The final Republican seeking the office has been doing so longer than any other. Rep. Phil Williams — who is much younger than the other Republican candidates — previously challenged then-Speaker Hubbard for power when the Auburn Republican was indicted on the ethics charges of which he would ultimately be convicted.

Aside from the Republicans running for speaker, though, there is a single Democratic candidate. Rep. Patricia Todd, Alabama’s first and only openly gay public official, has announced she’ll seek the office.

“Time for new leadership with the people of Alabama as a priority,” Todd posted on social media following Hubbard’s felony conviction and removal from office. “I am thinking of throwing my hat in the ring. Time for accountability and transparency in state government … It would be nice to have someone who is not the traditional white male Republican. Let’s do something different.”

If Rep. Todd were elected and followed through with proposals she’s made, the House would be truly different indeed. She posted a list of changes she’d make as speaker, a list that rebuffed, not reflected, Hubbard’s actions as speaker.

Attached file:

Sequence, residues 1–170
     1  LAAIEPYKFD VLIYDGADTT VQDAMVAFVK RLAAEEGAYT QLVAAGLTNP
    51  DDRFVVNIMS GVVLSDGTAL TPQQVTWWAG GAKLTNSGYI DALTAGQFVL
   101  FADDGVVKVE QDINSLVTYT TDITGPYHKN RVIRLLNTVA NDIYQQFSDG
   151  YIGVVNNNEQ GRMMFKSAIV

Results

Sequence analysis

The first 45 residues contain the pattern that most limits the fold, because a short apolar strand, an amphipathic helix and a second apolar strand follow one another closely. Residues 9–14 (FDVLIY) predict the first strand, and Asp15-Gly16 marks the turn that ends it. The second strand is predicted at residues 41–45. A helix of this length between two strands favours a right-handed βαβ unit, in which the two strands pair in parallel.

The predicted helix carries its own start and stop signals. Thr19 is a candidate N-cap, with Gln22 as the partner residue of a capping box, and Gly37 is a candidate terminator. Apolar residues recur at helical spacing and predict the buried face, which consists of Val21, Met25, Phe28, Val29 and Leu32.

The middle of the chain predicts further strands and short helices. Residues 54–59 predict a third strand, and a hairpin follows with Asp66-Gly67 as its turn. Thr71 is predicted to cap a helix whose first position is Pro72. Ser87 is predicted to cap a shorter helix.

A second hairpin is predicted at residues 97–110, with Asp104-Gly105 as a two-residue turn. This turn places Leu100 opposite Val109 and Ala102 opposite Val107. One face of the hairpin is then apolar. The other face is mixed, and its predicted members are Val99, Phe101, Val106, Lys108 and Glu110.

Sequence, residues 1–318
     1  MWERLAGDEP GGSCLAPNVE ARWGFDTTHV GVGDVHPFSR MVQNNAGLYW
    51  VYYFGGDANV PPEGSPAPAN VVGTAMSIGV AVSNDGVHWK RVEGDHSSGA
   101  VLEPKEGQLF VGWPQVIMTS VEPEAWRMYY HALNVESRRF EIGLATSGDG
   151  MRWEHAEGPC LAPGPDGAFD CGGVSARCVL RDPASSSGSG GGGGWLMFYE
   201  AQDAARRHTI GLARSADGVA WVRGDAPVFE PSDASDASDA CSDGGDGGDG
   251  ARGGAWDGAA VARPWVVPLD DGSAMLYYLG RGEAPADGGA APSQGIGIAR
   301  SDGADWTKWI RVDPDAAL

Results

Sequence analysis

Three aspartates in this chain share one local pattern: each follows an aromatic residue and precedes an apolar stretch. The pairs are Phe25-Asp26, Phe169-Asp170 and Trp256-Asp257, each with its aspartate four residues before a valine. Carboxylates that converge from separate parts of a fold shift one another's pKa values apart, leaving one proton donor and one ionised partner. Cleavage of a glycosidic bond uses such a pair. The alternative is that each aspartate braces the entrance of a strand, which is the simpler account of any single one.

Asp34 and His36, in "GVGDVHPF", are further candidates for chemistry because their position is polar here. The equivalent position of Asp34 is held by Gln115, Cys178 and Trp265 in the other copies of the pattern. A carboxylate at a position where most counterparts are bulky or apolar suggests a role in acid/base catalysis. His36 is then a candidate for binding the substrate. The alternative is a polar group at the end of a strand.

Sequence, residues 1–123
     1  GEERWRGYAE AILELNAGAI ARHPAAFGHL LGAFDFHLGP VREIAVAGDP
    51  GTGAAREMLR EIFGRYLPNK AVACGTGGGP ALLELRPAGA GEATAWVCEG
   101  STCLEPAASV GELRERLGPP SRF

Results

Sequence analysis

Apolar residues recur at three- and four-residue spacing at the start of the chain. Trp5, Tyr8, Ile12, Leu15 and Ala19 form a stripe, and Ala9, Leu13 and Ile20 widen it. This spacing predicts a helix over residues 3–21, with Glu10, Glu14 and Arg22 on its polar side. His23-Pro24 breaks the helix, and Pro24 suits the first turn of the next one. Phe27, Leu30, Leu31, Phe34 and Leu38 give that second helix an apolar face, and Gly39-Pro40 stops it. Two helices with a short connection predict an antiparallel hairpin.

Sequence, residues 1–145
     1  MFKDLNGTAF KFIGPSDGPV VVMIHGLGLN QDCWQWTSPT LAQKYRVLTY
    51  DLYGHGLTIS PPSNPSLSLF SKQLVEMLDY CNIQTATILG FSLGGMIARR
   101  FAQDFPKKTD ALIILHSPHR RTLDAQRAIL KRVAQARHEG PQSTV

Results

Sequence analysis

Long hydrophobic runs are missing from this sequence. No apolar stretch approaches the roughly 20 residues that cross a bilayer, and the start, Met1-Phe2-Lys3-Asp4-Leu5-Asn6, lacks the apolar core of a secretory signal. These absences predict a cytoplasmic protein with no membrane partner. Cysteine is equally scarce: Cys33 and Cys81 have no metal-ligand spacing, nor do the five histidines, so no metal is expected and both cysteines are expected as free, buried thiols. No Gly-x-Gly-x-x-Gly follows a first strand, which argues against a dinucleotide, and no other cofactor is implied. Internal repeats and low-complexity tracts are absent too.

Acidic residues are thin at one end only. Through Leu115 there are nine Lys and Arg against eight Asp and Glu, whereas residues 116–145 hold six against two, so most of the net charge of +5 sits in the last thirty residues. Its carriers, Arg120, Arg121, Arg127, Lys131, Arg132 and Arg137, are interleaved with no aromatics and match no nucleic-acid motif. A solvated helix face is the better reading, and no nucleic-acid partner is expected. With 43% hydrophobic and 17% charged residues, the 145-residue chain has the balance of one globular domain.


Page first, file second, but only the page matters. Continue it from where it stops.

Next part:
“If I am elected speaker I would:

• Allow members to submit revisions to the rules of the House.

• Lobbyists MUST acknowledge who they represent when talking with a House member. Maybe they should wear a list of clients on their name tags!

• Committee members will decide bills to consider, not the speaker.

• Post my meeting schedule on the website.

• Meet with representatives from both sides of an issue at the same time.

• Have weekly lunch meeting with all members to discuss issues before the House. Now each party hosts a weekly lunch meeting separately.

• Provide a live video stream of House deliberations and archive each day.

• Link the Statement of Economic Interest forms to the House member web page.

• Rules committee would advertise bills on the calendar at least five business days prior to consideration on website.

• Designate a space for constituents to meet with their representatives just outside the chamber.

• Require fiscal accountability for all revenue bills.

• Review best practices from other states on policy and share information with all members.”

The House will elect a new speaker at the start of its next session, which will begin in early 2017, unless an earlier, special session is called by the governor.